Nick Sparkman, ’17, School of Engineering
“So… what are you?” This question, asked by a white student, was posed to a person in my house who identifies as biracial. I watched my friend hesitantly fielding the question. I cannot truly understand what he felt as he was (under social pressure) forced to explain his racial identity to someone just because that person was curious. Moments like this make me realize that I have a huge privilege, or advantage. As an obviously white person, my race is easily accepted in social scenarios at Vanderbilt, and I am never asked to explain it to someone.
Vanderbilt is in the midst of a lot of discussions surrounding privilege; what it is, how it influences our experiences, and so on. It is critical to understand privilege in order to understand and participate fully in these discussions.
Here’s my advice: don’t be angry if someone attempts to explain to you that you have a privilege. If you’re a straight person, I may explain my experiences as a gay person to you in terms of your privilege. If straight, you can confidently walk with a significant other in public without having to evaluate the probability that you will be the target of undue scrutiny or hatred for doing so. If you rarely wonder what it would be like to be a gay person, you may not realize your own relative comfort due to your privilege. No one is bad for having privilege, and I don’t deny any of your struggles just because you have privilege.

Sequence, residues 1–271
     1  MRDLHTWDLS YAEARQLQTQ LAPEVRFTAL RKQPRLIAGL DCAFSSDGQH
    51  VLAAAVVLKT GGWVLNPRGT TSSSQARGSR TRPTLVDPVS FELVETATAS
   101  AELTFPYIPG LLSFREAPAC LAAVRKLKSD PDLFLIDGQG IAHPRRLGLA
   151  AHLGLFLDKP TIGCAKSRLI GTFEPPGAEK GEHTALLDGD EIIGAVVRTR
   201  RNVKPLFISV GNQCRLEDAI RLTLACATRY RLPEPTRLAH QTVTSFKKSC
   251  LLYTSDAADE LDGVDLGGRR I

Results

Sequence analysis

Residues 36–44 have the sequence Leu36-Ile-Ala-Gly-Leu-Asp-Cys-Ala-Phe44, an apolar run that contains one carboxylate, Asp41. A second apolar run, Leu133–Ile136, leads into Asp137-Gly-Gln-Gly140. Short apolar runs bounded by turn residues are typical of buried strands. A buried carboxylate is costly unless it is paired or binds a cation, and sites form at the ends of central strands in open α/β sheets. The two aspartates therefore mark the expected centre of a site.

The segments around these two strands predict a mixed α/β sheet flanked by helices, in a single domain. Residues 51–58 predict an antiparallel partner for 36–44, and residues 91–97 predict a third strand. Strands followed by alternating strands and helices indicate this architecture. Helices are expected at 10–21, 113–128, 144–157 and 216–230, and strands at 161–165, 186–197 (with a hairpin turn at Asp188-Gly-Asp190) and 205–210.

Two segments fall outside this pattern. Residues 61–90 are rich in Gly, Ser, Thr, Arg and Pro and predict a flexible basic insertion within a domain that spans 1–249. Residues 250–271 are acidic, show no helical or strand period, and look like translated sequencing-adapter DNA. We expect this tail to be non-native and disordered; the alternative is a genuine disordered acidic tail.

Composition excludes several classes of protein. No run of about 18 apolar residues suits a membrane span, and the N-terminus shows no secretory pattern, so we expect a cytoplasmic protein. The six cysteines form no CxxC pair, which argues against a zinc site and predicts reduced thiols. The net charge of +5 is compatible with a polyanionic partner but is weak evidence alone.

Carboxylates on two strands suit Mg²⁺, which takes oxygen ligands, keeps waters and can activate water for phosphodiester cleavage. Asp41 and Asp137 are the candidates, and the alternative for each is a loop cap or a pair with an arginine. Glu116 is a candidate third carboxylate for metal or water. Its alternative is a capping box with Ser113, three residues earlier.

Educate yourself on the topic of privilege, and dive into the discussions happening around you. I can promise you that your experience here will be richer for having done so.